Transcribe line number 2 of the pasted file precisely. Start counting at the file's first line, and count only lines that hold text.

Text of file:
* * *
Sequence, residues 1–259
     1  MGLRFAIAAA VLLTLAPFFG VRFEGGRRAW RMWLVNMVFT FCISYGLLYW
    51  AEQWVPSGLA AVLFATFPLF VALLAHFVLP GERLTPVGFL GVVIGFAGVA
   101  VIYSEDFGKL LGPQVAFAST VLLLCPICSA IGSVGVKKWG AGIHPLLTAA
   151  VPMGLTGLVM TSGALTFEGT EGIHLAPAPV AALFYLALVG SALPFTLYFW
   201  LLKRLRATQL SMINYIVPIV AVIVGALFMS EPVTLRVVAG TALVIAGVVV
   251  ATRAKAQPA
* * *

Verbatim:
     1  MGLRFAIAAA VLLTLAPFFG VRFEGGRRAW RMWLVNMVFT FCISYGLLYW